Spent some really good hours with a friend and her 9 month old son today. The boy is absolutely adorable -- will be really handsome -- and it was so, so nice to see mother and son doing their thing. I loved the way he would just throw himself at her, completely trusting that she wouldn't let him fall. Of how she lifted him over her head and he simply stretched his arms out and shrieked with delight. Or how each time she left the room, he would crane his neck to see her or to hear her footsteps. Mostly I really cherished watching the exchange of touches between them.
When I was little -- as in not five feet 'little' but a kid! -- and I'd hurt myself or fall down or bump into things (which was usual and has not changed), Papa would rub wherever it was that I'd hurt myself and say, "There, it would now be all right." It didn't 'do' anything to the injury as such, but I would feel much better instantly. Or how when my period cramps would get really bad, Ma would fuss around me, stroke my hair and get me a hot water bottle. The bottle helped heaps, but it was the gentle touching that helped much more.
I clearly remember when I was 13 and Thamma (paternal grandma) was staying with us... I had developed these black corn-like things on my ankles from wearing tight shoes. Now my (late) Thamma was obese and didn't move around much. However, every nigh, unfailingly, she would painstakingly rub cream on my ankles and massage it in. "Snow cream will soften the skin and make the marks disappear," she would say. The marks did go away. She was so, so good at providing physical comfort to other people. Pressing your forehead if you had a headache, pinching the eyebrows (er, can't explain it in English but it's the most divine thing EVER!) if fatigued, gently massaging cream to relax the skin, the most bloody awesome head oil massages... It's amazing the things I have picked up from Thamma. Things I hadn't realised I had learned.
Like 'dotting' my face with cream before rubbing it in because "it spreads better and you don't miss out any area." Or knowing that when another is tired, nothing works a miracle quicker than running your fingers through their hair. So far I have not known anyone who does not like it. She 'finger combed' my hair every night when she stayed with us.
I am really fatigued today. I was fine in the morning but once my friend left, I have progressively become more and more tired. Now I feel it's in my bones and I miss Thamma so much. I miss my Ma a lot too. I had always assumed that I would have my mother around whenever it was that I had my first child. Now I don't know when I'll see her; though it's definitely sometime Bub's born.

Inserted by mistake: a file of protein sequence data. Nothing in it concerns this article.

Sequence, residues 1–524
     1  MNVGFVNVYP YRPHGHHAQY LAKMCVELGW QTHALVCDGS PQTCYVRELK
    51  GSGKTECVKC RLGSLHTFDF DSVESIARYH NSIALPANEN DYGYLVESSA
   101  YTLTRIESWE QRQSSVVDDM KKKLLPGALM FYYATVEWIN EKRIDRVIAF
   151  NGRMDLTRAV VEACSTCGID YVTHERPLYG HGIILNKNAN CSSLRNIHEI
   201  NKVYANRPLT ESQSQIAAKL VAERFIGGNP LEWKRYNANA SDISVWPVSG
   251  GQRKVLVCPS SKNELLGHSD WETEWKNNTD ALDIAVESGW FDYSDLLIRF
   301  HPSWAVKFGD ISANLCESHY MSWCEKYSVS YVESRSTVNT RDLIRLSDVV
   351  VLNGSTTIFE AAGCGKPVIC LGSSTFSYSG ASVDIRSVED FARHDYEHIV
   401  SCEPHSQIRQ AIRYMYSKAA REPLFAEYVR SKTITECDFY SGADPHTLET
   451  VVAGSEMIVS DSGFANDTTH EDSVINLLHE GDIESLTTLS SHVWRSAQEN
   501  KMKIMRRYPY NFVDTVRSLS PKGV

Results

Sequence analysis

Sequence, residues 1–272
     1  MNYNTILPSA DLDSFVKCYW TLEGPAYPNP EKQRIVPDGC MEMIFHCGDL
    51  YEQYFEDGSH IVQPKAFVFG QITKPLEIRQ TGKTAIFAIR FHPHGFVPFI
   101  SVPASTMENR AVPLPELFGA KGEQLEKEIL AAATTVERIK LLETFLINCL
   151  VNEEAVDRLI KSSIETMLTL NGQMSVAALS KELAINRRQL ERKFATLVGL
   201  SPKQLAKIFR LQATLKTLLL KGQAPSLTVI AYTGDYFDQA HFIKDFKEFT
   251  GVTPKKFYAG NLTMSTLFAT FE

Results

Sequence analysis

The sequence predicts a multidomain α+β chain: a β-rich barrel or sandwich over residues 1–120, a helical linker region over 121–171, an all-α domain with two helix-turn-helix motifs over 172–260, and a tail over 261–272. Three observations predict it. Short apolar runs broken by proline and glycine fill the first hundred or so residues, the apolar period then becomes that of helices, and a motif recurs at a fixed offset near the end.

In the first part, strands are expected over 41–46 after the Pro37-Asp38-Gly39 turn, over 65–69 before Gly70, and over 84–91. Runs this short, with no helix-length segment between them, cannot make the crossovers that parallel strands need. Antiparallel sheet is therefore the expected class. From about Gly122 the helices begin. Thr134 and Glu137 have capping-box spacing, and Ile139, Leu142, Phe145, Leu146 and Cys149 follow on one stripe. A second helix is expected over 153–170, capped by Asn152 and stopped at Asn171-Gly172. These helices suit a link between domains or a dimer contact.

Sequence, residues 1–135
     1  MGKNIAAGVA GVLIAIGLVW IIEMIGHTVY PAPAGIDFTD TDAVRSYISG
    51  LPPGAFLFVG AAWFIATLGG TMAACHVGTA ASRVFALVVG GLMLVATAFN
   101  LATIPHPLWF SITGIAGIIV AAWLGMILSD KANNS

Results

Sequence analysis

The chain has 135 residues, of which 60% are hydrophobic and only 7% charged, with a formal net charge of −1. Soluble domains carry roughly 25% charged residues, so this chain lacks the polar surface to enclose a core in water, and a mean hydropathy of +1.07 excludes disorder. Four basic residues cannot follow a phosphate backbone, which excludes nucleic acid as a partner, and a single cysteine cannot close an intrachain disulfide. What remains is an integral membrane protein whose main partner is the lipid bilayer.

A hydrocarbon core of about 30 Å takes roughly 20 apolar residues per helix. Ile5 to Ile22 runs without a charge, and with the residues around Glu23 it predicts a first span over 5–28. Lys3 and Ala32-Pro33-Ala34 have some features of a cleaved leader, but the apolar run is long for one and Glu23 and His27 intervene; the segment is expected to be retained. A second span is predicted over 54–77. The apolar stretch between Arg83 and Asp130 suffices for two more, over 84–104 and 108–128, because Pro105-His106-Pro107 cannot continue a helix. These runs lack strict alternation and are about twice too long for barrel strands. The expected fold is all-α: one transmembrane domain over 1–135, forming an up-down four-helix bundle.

I wonder how it would have been had either Ma or Thamma been around. I know it's normal to not be able to sleep in the third trimester but perhaps Thamma would have gently patted my back or stroked my hair each night I lay awake. And perhaps every time I would have said my back hurts, Ma would have rushed to get me a hot water bottle. Then arranged cushions around me, pulled a stool or something for me to rest my feet on, offer a back rub, touch my cheek and say, "Aaram kore di?" Papa on the other hand would have gone and brought some tandoori chicken, knowing it's comfort food for me.
Home-cooked Indian food, made by someone else -- that's what I have missed most during my pregnancy. I can make most dishes myself -- and I have -- but I have sorely missed the sense of being pampered with food. Restaurant food is just not the same. I have had -- and have -- many, many cuddles and hugs (Partner is really good with those), but I think I have really missed my Ma's concern. And I cannot tell her how much I want her near or how sorely I miss her because then she would really miss me and get upset.
Now as the date draws nearer (still couple of months though), I am getting sort-of edgy. Wondering about what's to come and wondering what I've missed out on because I am so far away. If I was in India, would I have had a naming ceremony for my child? And a traditional Indian baby shower? With bangles and henna? Would my baby have had many pishis and kakus and maamas? And many uncles and aunties instead of now calling everyone by their first names? On names: I know Bengali nicknames are joked about and well, I have at least seven that I can recall instantly... but would my child have had as many names...instead of Mum struggling with getting any names on the shortlist?
Indian or Australian? Complicated Indian? But how the hell will the Aussies pronounce it when even 'Jhoomur' has become "Zhumoore"? (Though to be honest even most Indians have had trouble pronouncing my name, rolls eyes) Simple Indian name? But then would Ratan become Rat and Pooja turn to Poo?! Based on grandparents? But Partner didn't know mine and vice-versa and 'Abha' would become Ava... it's not the same. A name that has a meaning? But desi or Aussie meaning!?